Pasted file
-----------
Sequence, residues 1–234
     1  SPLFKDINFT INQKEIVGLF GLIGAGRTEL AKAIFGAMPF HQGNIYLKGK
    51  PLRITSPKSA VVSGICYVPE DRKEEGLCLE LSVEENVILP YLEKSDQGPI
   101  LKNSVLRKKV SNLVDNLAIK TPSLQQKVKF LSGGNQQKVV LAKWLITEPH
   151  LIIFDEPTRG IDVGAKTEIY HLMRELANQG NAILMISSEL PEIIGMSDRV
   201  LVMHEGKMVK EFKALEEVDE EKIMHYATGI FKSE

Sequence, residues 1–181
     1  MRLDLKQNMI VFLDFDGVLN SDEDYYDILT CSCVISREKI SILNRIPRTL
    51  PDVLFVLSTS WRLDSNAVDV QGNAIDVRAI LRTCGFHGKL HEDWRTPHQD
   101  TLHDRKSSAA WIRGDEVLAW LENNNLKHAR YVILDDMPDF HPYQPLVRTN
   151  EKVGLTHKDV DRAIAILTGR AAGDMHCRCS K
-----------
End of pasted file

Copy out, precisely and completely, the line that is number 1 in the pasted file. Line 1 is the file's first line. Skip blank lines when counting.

Sequence, residues 1–234